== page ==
Home Birth, Hospital Birth, and the Myth of the Good Mother – Reflections from a Bad Mother

Home Birth, Hospital Birth, and the Myth of the Good Mother – Reflections from a Bad Mother

In the eyes of many, I started out in motherhood as a bad mother. I decided to birth my first child in a free-standing birth center with a midwife instead of at a hospital with a “Level 3 NICU” (as I’ve often seen advertised to pregnant women).Things only got worse from there.

I chose to birth my next two children at home. My daughters were born in our dining room in the presence of their siblings, grandparents, and great-grandparents.

I did a lot of research about place of birth before choosing to have my babies outside of a hospital. Ultimately, I decided that I was more likely to emerge from the transformative experience of birth physically and emotionally intact if I avoided modern obstetrics practice.

But I think it’s fair to say that the popular consensus is that my choices were irresponsible at best and selfish at worst.  Irresponsible because the place of birth study that has gotten the most popular press attention is the Wax Study which purports to demonstrate a statistically significant increased risk of neonatal death in home births. And selfish because the dominant cultural narrative around motherhood is one of sacrifice. Mothers are expected to sacrifice their own interests for their children. In choosing home birth, in part to protect my own health and in pursuit of the birth experience I wanted, I flouted this sacrificial requirement of mothers.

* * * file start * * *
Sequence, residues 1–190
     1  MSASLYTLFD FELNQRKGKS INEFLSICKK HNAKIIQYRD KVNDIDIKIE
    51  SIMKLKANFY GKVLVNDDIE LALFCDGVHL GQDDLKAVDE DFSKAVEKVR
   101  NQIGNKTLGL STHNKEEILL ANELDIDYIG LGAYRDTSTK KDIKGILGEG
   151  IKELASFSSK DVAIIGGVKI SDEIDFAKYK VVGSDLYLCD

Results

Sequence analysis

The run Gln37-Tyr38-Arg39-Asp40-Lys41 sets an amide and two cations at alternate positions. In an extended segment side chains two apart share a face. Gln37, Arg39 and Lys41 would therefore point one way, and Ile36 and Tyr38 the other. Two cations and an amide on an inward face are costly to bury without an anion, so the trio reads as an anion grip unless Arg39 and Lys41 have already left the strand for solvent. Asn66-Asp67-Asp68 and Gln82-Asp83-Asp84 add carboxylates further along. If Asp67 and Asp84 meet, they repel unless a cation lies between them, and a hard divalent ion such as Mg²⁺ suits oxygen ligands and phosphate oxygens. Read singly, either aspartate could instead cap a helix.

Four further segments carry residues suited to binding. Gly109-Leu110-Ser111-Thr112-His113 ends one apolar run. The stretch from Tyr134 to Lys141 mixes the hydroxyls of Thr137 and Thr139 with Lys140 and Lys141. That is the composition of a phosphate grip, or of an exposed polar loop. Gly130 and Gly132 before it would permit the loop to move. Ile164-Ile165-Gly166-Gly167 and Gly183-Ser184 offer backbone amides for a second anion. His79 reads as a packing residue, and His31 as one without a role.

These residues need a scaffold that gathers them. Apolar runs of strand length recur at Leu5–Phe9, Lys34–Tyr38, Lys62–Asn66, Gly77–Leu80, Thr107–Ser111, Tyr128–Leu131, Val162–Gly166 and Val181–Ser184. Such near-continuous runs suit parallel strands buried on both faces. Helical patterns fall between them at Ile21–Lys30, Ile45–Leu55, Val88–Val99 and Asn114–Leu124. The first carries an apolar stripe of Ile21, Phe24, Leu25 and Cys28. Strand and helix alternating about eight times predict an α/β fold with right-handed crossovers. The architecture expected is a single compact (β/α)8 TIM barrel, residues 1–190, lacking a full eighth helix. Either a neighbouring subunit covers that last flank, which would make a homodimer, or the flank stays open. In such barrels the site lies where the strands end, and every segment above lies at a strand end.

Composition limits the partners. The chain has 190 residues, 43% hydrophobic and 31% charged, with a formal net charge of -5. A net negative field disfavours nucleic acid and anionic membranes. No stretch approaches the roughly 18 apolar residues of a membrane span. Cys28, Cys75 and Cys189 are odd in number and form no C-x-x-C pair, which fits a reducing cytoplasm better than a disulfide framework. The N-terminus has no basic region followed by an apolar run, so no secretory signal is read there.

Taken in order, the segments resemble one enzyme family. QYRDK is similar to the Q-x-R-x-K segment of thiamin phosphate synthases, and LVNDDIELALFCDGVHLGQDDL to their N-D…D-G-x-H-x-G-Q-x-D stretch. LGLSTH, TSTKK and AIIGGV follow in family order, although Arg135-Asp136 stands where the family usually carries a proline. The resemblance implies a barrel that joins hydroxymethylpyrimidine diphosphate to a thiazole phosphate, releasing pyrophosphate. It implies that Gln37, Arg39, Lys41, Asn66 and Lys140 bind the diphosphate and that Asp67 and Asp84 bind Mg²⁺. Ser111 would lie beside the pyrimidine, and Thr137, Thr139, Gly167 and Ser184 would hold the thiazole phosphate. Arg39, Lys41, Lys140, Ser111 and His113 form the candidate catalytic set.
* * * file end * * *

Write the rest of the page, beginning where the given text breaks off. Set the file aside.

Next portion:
My lecture on March 8th will explore some of the pressing ethical question that arise when women exercise autonomy in ways that resist the professional medicalization of pregnancy and birth and defy traditional gender stereotypes about maternal sacrifice:

• What makes a good mother?

• How are women’s choices shaped by cultural understandings of who makes a good mother and what good mothers do?

• How are these cultural narratives reinforced in obstetric practice?

• How should decisions about birth be made? Who should make them?

I’ll discuss how bioethics can help sort through questions like these and provide clarity in matters of life and death.

Leslie McNolty is a Program Associate at the Center for Practical Bioethics. She received B.A. degrees in Philosophy and Political Science with a Secondary Degree in Women’s Studies at Kansas State University before taking her M.A. in philosophy from Rice University in Houston, TX. Currently, she is completing a doctorate in bioethics from Albany Medical College. She teaches in the philosophy department at the University of Missouri-Kansas City and in the bioethics department at the Kansas City University of Medicine and Biosciences.